A PERSONAL assistant to wealthy families must pay more than £11,000 in legal costs after she claimed twice for the same set of minor injuries.

Monique Jayasuriya, 34, of Hanwell, was involved in two car accidents in a month, only one of which resulted in injuries.

However, she submitted two claims for injuries after failing to disclose all the facts to medical examiners.

Judge Ross, sitting at Brentford County Court, said Jayasuriya had been fundamentally dishonest and should pay the costs of insurance company Aviva.

In late 2019, Jayasuriya’s car was involved in two accidents. In November, it was hit on a mini roundabout in St George’s Road, Hanwell. The following month, her car was shunted from the rear iMayfair.n

Though she initially reported she was unharmed after the first accident, during a medical examination in January 2020 she failed to tell the doctor she had subsequently been involved in a second accident.

For the first accident, she claimed for personal injuries, physiotherapy, an MRI scan and the loss of four months’ gym membership.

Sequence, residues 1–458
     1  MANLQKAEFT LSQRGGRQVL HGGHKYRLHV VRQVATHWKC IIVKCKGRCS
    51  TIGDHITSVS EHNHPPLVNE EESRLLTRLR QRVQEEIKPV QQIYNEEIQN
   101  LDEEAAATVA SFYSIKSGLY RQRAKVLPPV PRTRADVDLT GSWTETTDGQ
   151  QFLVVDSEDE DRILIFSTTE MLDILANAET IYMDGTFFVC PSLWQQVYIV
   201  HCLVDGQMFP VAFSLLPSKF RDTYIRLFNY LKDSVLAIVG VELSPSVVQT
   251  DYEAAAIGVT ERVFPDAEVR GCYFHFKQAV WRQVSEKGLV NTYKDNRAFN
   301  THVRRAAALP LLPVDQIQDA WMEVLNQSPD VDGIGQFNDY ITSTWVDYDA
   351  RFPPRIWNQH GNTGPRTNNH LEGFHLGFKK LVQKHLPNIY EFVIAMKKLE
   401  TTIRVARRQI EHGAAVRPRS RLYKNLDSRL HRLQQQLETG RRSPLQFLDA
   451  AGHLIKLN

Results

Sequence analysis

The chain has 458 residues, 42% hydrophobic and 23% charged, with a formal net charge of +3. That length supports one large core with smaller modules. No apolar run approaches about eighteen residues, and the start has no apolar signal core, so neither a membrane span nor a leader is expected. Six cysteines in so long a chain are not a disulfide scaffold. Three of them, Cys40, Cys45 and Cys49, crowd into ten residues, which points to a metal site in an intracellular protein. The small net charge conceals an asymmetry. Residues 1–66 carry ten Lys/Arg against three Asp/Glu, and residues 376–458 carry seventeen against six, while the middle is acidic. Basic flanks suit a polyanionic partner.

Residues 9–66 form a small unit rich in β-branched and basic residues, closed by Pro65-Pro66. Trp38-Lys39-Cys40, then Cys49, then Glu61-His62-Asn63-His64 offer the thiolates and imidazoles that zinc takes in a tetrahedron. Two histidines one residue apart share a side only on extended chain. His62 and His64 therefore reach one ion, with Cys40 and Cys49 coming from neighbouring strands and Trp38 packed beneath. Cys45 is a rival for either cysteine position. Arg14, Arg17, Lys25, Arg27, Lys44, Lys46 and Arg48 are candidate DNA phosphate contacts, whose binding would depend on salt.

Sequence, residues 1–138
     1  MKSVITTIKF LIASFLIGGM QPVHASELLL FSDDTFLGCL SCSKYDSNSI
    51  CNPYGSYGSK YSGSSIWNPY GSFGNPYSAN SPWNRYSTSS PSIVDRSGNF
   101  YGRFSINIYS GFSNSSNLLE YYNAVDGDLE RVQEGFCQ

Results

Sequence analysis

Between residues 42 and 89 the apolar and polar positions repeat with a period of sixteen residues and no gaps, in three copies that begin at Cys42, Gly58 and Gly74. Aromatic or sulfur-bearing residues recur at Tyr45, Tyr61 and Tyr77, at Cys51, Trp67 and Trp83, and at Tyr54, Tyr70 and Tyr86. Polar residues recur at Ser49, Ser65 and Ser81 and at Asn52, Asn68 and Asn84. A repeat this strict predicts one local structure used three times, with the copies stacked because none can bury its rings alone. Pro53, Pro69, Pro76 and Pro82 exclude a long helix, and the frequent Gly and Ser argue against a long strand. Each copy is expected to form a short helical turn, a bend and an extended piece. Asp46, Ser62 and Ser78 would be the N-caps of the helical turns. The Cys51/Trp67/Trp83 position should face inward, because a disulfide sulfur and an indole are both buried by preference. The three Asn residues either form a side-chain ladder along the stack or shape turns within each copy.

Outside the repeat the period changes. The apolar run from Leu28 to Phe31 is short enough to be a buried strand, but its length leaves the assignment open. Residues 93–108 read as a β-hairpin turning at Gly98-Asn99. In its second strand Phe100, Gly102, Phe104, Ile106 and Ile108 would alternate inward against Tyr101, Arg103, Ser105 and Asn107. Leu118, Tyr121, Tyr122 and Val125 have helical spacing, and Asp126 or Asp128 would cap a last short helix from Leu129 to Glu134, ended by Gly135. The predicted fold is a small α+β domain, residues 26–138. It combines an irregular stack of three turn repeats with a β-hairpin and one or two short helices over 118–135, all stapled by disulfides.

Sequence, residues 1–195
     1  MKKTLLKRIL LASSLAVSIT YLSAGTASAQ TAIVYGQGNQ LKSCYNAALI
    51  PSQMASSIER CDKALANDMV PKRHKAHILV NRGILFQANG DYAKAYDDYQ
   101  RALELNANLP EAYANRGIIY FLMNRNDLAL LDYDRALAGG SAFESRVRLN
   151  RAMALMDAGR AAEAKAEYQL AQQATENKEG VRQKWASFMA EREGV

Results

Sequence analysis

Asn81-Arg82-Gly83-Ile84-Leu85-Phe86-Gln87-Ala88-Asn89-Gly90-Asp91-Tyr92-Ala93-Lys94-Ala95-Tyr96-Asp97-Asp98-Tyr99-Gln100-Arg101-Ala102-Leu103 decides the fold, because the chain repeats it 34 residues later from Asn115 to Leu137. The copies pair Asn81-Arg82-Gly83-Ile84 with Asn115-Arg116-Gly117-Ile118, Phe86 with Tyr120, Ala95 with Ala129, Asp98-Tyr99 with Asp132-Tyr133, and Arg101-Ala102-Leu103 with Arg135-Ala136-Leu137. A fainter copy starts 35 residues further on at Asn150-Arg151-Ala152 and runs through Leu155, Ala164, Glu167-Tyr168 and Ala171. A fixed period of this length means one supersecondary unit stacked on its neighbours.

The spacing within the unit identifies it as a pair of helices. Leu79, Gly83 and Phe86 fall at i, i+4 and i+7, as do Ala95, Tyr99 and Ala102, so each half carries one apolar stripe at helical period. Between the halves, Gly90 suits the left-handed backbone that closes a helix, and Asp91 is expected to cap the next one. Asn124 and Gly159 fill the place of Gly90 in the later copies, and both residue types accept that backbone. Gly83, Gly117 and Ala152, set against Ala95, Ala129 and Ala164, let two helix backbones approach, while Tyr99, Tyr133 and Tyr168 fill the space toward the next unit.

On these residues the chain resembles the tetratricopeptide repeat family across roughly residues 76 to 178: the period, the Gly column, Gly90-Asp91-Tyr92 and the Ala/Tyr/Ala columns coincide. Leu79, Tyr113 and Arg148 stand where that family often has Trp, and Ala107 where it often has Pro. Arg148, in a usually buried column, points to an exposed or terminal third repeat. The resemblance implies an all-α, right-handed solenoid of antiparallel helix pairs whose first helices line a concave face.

For the second, she claimed for migraines, injuries to her left arm and right shoulder, as well as nerve damage to her lower back. She again claimed for the loss of gym membership.

But evidence found by Aviva’s law firm, Clyde & Co, revealed Jayasuriya had not been honest about the nature of her injuries.

Damian Rourke, Partner at Clyde & Co, said: “[She] tried to double her money by claiming for the same injuries twice and, because of that, she’s ended up with a bill for £11,000.

“Had she told the truth and claimed once for the injuries she undoubtedly had, she would have been properly compensated. Because of her dishonesty, she’s lost it all.”

Rob Lee, Director of Casualty Claims at Aviva, said: “We are here to pay genuine claims quickly. But, where we detect fraud or fundamentally dishonest behaviour, we will challenge that to protect our customers from the negative impact of fraud on their premiums.”

In her defence, Jayasuriya argued she had not fully understood the legal process and that her solicitors had exaggerated her injuries to increase their earnings.

The judge rejected her explanation.